Racial-murder inquiry rocks York mayoral race

On Tuesday, racist past may hurt incumbent

May 13, 2001|By Jennifer McMenamin | Jennifer McMenamin,SUN STAFF

YORK, Pa. - On July 20, 1969, a patrolman named Charlie Robertson was among a group of police officers who attended a rally with white gang members intent on protecting their neighborhoods as racial violence swept through their city. He admits thrusting his fist in the air and shouting "white power."

On Tuesday, voters in this blue-collar, racially diverse town in southern Pennsylvania 50 miles north of Baltimore will weigh Robertson's claims that he has changed as they decide whether to re-elect him to a third term as mayor.

Working against the retired cop are witness accounts that Robertson not only shouted racial slurs at the rally but also encouraged vigilantism and distributed ammunition to young men who a day later gunned down the 27-year-old daughter of an African-American preacher just down the hill from the site of the gathering.

Questions about Robertson's racist past have come up throughout his political life, but never as doggedly - and never with such potentially serious consequences - as they do today.

Local reporters follow the mayor everywhere. National news media have descended, sticking their microphones and cameras in his face. Almost everyone wants to know about the grand jury investigation into the riot-era deaths of Lillie Belle Allen, the South Carolina minister's daughter, and Henry C. Schaad, a white officer who was shot three days before Allen died in a torrent of gunfire as her family unknowingly drove into a hostile, white neighborhood.

Fearing that he could be the next arrested as police and prosecutors act on 11 indictments recommended late last month by the grand jury, Robertson has hired a prominent criminal defense attorney in addition to the lawyer he previously retained.

"I just don't know how they got my name," Robertson said last week as he greeted passersby from the steps of City Hall. "It's like there was just one man in the police department. I'm the mayor, and I think that could have made me a target for some of this."

Before the most serious accusations and suspicions about the mayor's possible involvement in Allen's murder began piling up, many viewed Robertson as having an edge over his opponent in Tuesday's primary election, veteran City Councilman Ray Crenshaw, a retired small-business owner who is the city's first African-American mayoral candidate.

Robertson has outspent Crenshaw. He enjoys a strong base of fiercely loyal supporters. And like many who have held office during the country's longest period of economic growth, he recites a long list of benefits York has enjoyed during his seven-year tenure.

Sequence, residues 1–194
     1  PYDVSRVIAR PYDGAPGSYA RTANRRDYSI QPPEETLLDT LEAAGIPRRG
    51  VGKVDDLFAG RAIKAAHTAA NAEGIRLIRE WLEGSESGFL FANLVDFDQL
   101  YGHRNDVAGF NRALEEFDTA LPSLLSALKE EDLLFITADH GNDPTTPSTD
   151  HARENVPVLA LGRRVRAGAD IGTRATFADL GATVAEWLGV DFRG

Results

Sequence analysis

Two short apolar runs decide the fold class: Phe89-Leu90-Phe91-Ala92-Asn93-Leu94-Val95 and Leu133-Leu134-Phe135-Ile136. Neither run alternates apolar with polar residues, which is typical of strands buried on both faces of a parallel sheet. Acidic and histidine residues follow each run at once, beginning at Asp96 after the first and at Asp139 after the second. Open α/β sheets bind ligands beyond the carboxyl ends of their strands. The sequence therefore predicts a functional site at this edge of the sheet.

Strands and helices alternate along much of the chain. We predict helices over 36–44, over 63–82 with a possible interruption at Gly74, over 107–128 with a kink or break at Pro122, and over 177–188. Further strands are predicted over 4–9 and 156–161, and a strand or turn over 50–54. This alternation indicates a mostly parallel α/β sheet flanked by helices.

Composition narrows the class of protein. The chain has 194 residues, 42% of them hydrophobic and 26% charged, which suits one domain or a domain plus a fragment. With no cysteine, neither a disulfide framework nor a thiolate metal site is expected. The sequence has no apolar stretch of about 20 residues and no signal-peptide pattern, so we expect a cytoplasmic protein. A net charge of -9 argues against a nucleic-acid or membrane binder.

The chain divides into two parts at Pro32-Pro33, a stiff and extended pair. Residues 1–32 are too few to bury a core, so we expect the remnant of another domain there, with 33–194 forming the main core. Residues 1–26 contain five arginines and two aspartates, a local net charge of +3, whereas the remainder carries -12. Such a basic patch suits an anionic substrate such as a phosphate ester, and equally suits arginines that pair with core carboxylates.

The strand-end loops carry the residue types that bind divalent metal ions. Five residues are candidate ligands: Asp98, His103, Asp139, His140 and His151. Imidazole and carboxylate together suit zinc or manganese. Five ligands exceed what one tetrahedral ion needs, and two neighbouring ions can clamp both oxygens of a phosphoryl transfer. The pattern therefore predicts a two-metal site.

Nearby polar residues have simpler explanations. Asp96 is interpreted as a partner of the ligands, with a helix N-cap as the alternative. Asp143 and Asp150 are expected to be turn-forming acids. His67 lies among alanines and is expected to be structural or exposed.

But Robertson's sense of security, which has dwindled in recent months, shattered April 26.

Police arrested two former members of the Newberry Street Boys gang and released affidavits that detail the inflammatory actions of "an unnamed police officer," whose identity is known by the grand jury and whose conduct is strikingly similar to behavior attributed to Robertson by several former gang members quoted last year in a local newspaper. That similarity has fueled speculation throughout York that the mayor is the unnamed officer, casting him in a much greater role in Allen's shooting than he has admitted.

According to court documents, this unnamed officer joined the rally on the eve of Allen's murder, where he "addressed the crowd and did, among other things, scream `white power' and tell attendants at the rally to take any weapons that they had to Newberry Street." Additional witnesses testified that this officer "was clearly not trying to calm the group; in fact, he was `doing the exact opposite.' "

Several told the panel they saw this officer provide ammunition to young men on Newberry Street, including at least one who used it to fire upon the Allen family's Cadillac as they attempted to turn the car around to escape the crowd of armed white youths on the street.

One quoted the officer as saying, "If I weren't a cop, I would be leading commando raids against niggers in the black neighborhoods," according to the affidavits.

Citing a court gag order that prohibits those involved in the grand jury investigation from commenting on its work, authorities won't divulge the officer's identity.

But in interviews last summer with the York Dispatch, former members of the Newberry Street Boys and their cross-town rival, the Girarders, described scenes from the rally that closely match those detailed in the affidavits.

One of the men interviewed by the newspaper, Rick Knouse, was one of two arrested last week, bringing the number of men charged with criminal homicide in Allen's death to four. Another, Frederick S. Flickinger Sr., first testified in late 1969 during a civil rights lawsuit that Robertson shouted "white power" at the rally but did not level the more serious accusations against the mayor until he was interviewed by the newspaper last year.

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